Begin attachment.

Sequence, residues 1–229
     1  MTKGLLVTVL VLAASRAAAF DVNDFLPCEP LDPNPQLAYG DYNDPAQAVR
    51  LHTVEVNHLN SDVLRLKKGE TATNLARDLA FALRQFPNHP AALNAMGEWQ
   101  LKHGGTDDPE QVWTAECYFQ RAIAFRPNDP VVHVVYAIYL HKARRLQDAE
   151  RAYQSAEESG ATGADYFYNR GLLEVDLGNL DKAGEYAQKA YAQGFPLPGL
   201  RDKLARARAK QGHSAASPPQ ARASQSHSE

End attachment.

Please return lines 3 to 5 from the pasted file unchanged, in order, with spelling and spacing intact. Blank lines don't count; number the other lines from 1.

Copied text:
    51  LHTVEVNHLN SDVLRLKKGE TATNLARDLA FALRQFPNHP AALNAMGEWQ
   101  LKHGGTDDPE QVWTAECYFQ RAIAFRPNDP VVHVVYAIYL HKARRLQDAE
   151  RAYQSAEESG ATGADYFYNR GLLEVDLGNL DKAGEYAQKA YAQGFPLPGL